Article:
Day One - Theory and Swim test

Day one was spent in Plymouth doing a chunk of theory in the morning, looking at the course, what it entailed and the standards required by us on the course. We also covered the essentials of creating a good team, along with discussions on minimum gas (rock bottom) and other stuff. It wasn't much different from my previous GUE training but it is always useful to go over stuff again, as it had been a couple of years since cave 2, so I enjoyed this session. Rich Walker was also helping out on this course and he did some of the lectures which was a bit of a reunion really, as Rich had taught Andy Bryson on his Fundies class, which coincidentally had been Rich Walkers first DIRF course, and I had been the video guy on that course, so that was kind of cool, the GUE 'family effect' in action. This was the first course where I had been asked to come up with a strength and a weakness within my diving, which was quite thought provoking as I hadn't really considered this before. I have dived with many different buddies over the years so I figured my strength was the ability to adapt to many situations and fit in the team, and my weakness was a bit of a gung ho attitude sometimes and willingness to do dives that some might say are stretching me a little too much. Interesting discussion, and a chance to discuss your attitudes in diving in an open manner. The swim test was straightforward, and we both passed easily enough, Andy outswimming me easily with front crawl whereas I have always been a breastroke swimmer, although it didn't help that I forgot how many lengths I had done and did a couple of extra ones. Rich Walker also did a swimtest as an instructor and he just beasted it with some really fast swimming, bowling the OAP's and other swimmers over in his super fast lengths of the pool!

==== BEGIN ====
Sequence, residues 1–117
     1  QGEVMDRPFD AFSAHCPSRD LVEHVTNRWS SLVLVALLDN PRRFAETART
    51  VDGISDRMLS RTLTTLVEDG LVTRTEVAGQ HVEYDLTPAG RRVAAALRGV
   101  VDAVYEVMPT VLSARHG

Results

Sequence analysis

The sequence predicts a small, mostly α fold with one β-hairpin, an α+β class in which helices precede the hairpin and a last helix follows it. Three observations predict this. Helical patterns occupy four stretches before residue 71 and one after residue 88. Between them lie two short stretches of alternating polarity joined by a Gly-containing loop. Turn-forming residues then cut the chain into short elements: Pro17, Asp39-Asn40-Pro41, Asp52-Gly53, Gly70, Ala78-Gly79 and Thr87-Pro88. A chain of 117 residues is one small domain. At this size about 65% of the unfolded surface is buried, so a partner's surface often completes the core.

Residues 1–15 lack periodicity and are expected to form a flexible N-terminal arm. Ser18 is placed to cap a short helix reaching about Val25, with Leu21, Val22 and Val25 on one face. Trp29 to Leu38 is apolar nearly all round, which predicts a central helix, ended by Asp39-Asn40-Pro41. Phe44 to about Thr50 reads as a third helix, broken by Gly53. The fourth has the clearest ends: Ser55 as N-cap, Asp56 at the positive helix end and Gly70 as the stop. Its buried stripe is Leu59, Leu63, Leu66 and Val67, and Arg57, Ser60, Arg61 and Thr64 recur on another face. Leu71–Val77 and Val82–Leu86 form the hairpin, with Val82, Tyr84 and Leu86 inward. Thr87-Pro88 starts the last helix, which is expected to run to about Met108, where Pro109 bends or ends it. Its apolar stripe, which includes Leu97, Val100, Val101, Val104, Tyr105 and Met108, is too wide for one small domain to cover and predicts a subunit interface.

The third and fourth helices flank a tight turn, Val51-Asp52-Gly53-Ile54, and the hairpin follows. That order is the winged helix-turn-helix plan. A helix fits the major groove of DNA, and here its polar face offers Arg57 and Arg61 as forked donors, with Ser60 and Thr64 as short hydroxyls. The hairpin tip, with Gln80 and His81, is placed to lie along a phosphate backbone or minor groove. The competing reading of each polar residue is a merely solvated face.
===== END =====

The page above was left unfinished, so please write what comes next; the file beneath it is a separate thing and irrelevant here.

Day Two

Well, our trip to Plymouth was over very quickly having headed up to Chepstow after the swim test to continue the course, the weather forecast not looking good. The plan for today was spent doing three dives to about 15 mtrs. The dives were split into three sections, descent, bottom phase and ascent, during which we had different challenges. The descent was down a line and consisted of doing a valve drill, s drill at 6 mtrs, followed by dropping to 10 mtrs and then back up in one metre increments doing what we called the 'bottle boogy', which is were you move the bottom stage, clipped to the chest, to a leash which is clipped on the hip dring and holds the o2 bottle. You have to swap the bottom stage for the o2 so you are left with a 50% bottle and an O2 bottle on the chest and the bottom stage on the leash attached to the hip. Rich Lundgren was kind of flexible how we did this and Andy had chosen to use two hands, clipping off the lighthead before the boogy, whereas I had always done this with my light in my hand, so it is a bit slower but I can still signal. Andy was very slick and I wasn't so quick, but I felt I was doing OK. After that drill we had to switch to bottom gas at 6 mtrs and then drop down, where we would run a line and explore a bit, where something might go wrong! We were then to reel the line back in and do an ascent at 1 mt/min to 6 where we do 3 mins and switch to 50% and then do 1m/min to 3 mtrs and switch to o2, also doing 3 mins.